Raise your hand if anyone ever told you that teachers don’t make money.

 In fact, lots of people, teachers included, love to talk about how broke teachers are.

Not that it’s not true, but all this broke talk makes it really easy for teachers to just accept being broke and even feel guilty for wanting to make money. It also makes it really easy for schools to take advantage of teachers’ willingness to work for pennies (or a couple slices of cold pizza).

Whether it’s chaperoning a dance, or running the dunk tank at the spring carnival, or serving on numerous pointless committees, we do it. For free. For the kids.

There was a post in another teacher’s group in which someone said she got paid $8 an hour for summer PD work. $8 an hour! That’s less than minimum wage for people with degrees, often times Master’s degrees and extensive additional training.

“Don’t be misled into thinking you shouldn’t want more in your life: more money, more joy, more success and more love.” – Terri Maxwell

Of course, money isn’t the only thing teachers want, right?

This is hard to say for many of us, but we want to be more than teachers.

There’s a myth abroad in the land that because teaching is a calling for so many, that it should be enough. Being an educator should be all that we need, and to need or want anything more for ourselves is selfish.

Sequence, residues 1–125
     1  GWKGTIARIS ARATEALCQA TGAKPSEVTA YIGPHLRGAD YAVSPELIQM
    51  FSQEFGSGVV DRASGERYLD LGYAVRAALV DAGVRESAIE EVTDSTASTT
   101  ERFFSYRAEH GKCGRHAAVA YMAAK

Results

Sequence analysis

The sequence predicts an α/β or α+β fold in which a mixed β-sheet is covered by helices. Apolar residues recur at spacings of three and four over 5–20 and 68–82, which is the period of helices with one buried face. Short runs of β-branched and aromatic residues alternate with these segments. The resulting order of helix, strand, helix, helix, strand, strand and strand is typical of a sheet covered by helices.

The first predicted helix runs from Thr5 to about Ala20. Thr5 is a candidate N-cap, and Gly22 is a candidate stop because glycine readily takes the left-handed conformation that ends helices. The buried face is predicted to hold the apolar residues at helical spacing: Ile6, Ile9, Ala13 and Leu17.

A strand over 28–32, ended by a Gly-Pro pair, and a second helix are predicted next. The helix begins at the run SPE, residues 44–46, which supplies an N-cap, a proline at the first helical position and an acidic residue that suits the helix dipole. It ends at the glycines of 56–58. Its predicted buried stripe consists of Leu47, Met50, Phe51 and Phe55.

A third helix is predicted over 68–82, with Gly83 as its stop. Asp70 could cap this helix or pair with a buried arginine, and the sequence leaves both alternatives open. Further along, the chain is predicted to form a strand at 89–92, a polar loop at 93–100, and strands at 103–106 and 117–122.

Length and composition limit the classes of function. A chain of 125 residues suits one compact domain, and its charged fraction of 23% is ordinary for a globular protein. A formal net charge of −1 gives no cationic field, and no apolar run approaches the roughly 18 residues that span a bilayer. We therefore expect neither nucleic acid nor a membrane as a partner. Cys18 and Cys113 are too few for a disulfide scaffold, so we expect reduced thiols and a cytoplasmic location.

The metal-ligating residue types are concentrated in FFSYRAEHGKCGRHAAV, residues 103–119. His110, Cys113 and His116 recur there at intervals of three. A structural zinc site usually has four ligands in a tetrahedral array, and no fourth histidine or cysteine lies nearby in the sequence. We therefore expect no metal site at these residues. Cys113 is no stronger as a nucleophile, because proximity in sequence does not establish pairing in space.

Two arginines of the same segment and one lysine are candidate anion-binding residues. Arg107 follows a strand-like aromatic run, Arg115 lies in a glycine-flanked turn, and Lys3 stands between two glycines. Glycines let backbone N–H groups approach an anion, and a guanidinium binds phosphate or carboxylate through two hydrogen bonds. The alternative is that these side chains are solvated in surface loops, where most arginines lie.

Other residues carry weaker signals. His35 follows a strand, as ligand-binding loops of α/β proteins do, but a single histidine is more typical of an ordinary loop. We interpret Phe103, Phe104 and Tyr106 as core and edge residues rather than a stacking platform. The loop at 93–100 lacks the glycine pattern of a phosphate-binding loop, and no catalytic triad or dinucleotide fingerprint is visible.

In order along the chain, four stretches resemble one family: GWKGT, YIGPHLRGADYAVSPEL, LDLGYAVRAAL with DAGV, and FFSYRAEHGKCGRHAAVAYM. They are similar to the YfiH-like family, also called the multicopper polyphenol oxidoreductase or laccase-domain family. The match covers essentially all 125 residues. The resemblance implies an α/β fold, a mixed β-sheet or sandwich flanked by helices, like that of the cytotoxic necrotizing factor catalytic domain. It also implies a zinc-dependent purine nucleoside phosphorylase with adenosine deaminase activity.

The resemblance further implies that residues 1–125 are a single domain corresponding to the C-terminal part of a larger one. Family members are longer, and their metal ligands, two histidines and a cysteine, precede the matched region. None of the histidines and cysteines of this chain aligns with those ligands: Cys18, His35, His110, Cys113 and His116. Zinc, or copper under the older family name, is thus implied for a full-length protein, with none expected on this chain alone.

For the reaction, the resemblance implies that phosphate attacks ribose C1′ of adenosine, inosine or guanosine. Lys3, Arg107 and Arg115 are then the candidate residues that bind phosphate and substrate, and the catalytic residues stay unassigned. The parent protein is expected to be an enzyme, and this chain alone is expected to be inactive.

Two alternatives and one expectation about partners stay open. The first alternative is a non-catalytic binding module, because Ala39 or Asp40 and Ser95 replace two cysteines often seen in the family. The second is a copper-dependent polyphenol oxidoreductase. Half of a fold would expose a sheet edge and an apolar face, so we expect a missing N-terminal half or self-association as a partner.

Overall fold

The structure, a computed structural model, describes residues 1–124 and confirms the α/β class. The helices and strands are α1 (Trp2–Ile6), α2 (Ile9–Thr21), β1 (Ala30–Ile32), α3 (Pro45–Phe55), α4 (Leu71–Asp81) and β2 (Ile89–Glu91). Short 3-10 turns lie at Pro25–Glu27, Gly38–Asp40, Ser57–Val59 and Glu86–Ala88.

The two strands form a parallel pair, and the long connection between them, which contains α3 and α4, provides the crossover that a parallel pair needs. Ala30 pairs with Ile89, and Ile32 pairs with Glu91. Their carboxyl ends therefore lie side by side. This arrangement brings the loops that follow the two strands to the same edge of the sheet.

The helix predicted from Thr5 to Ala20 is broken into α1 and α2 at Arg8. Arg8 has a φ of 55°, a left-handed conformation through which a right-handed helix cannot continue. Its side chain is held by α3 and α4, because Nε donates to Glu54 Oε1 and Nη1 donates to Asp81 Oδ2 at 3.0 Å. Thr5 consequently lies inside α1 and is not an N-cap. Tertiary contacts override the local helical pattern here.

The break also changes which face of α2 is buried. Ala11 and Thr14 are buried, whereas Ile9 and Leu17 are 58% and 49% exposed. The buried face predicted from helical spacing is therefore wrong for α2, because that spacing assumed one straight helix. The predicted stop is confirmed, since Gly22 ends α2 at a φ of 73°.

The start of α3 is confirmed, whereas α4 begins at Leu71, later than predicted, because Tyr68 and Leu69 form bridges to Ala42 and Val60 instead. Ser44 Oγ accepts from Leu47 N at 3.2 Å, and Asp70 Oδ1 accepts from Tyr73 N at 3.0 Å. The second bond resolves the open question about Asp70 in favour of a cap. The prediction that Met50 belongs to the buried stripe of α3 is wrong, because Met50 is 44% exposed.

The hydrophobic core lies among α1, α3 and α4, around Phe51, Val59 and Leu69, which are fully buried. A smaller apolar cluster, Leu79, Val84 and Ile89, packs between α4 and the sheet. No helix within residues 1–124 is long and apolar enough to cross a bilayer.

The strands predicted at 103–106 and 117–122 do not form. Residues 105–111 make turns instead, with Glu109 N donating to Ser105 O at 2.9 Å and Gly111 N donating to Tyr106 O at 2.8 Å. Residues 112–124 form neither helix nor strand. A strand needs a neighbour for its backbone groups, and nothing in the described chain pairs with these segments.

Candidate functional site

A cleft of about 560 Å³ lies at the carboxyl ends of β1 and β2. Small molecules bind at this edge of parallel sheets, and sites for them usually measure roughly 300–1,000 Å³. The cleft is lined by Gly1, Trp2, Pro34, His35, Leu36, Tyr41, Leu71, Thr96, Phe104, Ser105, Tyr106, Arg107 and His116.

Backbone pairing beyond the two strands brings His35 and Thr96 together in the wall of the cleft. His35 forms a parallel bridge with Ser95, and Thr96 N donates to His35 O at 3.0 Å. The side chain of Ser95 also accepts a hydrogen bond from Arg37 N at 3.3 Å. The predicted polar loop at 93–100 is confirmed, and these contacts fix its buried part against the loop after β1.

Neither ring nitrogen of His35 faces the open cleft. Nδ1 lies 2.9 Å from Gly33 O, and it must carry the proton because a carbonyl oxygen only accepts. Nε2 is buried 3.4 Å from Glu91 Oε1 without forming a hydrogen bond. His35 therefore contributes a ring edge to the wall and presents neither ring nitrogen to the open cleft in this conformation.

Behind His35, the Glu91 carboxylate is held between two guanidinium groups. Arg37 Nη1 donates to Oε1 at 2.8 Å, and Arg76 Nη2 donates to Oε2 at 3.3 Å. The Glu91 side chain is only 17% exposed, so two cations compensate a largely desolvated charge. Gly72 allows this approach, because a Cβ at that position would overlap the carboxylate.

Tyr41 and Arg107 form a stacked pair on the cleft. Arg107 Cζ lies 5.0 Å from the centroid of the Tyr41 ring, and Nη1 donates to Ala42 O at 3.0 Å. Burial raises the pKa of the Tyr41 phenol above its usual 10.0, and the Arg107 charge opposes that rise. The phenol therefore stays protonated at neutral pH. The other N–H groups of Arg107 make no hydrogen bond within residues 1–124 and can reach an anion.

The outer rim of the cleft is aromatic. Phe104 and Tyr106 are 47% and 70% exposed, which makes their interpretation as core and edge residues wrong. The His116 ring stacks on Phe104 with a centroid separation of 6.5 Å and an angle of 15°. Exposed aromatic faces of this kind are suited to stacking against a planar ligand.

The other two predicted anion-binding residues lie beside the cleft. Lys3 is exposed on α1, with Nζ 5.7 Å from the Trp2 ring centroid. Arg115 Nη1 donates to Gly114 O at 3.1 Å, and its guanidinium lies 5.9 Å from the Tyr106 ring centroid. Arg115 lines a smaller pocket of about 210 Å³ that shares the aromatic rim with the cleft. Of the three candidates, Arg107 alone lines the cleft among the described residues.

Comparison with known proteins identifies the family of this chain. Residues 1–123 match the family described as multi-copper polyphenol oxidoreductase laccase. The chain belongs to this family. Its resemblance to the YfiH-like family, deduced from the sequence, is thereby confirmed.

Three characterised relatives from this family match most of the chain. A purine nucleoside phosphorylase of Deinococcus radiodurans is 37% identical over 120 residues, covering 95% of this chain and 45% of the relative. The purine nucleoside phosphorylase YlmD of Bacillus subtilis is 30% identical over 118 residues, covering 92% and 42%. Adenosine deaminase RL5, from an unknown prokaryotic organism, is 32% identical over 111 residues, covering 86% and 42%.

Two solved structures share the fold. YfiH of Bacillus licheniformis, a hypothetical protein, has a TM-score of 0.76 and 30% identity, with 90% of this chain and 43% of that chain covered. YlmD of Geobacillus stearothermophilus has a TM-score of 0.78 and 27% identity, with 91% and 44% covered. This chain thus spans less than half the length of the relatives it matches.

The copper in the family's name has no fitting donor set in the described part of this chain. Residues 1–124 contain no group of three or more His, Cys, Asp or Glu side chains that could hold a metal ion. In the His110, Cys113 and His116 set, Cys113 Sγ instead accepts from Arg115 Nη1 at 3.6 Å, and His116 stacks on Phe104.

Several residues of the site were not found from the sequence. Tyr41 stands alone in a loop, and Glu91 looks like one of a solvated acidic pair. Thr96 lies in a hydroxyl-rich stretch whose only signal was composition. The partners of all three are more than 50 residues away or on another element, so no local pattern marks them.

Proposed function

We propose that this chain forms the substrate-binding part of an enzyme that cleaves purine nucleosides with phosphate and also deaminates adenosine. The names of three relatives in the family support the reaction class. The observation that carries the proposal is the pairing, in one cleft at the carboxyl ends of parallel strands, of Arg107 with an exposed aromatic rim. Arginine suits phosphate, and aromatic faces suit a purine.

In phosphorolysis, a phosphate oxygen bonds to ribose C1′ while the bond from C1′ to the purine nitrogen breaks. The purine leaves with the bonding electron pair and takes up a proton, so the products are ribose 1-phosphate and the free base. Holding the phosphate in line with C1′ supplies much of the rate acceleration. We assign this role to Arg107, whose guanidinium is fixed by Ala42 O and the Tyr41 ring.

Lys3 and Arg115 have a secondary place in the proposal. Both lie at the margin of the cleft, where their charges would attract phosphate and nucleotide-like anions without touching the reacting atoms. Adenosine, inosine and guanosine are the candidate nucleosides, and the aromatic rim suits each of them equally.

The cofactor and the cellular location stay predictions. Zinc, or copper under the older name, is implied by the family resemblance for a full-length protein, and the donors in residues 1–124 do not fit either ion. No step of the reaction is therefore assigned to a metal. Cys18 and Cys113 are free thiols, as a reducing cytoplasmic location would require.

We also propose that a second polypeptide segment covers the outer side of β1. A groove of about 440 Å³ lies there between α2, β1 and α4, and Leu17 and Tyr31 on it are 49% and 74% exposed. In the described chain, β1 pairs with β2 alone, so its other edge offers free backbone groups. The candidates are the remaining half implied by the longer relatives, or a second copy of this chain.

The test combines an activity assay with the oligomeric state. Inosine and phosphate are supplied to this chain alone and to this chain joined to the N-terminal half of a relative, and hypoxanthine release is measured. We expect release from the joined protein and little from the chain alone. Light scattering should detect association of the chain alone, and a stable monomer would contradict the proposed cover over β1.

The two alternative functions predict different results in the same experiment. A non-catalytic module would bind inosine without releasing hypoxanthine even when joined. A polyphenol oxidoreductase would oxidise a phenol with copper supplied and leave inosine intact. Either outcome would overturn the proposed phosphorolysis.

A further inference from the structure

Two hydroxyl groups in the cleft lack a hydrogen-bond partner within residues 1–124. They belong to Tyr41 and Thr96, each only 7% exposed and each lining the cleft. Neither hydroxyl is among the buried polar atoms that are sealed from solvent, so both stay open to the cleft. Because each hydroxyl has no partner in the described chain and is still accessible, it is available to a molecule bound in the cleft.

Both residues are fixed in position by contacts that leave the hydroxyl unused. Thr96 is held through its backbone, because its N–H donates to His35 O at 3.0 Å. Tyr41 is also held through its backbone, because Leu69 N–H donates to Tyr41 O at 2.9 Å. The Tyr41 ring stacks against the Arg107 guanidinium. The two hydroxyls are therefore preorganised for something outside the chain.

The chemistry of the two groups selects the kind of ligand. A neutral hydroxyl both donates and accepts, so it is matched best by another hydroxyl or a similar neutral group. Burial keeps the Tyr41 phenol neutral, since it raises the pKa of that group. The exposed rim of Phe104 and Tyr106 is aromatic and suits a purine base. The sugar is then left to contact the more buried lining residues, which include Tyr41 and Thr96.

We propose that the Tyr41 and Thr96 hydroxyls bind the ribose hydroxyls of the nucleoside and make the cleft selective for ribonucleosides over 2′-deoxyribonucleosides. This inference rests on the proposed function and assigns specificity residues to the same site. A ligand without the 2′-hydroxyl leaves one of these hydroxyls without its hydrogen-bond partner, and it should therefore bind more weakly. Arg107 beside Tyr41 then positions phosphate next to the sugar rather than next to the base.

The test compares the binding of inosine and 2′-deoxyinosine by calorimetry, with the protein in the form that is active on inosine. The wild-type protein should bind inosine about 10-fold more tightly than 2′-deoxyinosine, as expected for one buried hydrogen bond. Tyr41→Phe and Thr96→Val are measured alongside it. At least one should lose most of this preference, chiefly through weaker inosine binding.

Spoiler alert: it’s not!

This is something I’m working on in my own life right now, so , if you’ll indulge me, I want to tell you a story:

A few weeks ago I was talking with my therapist (I am a life-long therapy goer, and think it should be required for all people who deal with other people. But I digress…) and we were talking about a particular situation I was facing. After talking out what had happened, my doctor turned and said, “Now I’d like to spend a minute talking about why it’s so hard for you to ask for what you need or want.”

I immediately started crying.

And that, my friend, was progress.


Teachers, like others in the caregiving professions, are great at helping others get what they want and need, but when it comes to themselves… not so much.

Here’s the thing; I can tell you that having a side hustle has made me a better teacher. It has.

I can tell you that relieving the financial stress from my bank account has made me happier and better equipped to deal with my students. Yup.

I can tell you that breaking the all-education-all-the-time mindset has made me more effective educator, that I come to the classroom fresher and more rested. Also true.

But the fact is, none of that matters.

Because I don’t need to justify my side hustle with educational benefits. And neither do you.

You are allowed to do something just because you want to.

I’ll say that again because it’s super important. You are allowed to do something just because you want to.

Whether you want to start a business so that you can invest in a home, or your kids’ education, or you want to take a big fancy vacation, it’s okay.

If you want to sell your crafts because you enjoy making them and want to share that with others, it’s okay.

If you want to do something that forces you to interact with other grown-ups, or you want to participate in a world where you don’t have to tell people not to lick the walls, or you like learning new things but your brain is full of all things teachery… it’s okay.

Why do you want to start a business? Really dig deep into what’s motivating you to do the work. I won’t make you answer the question my doctor asked me, though you can go there if you want to, but I will tell you that it’s okay if you cry while doing this.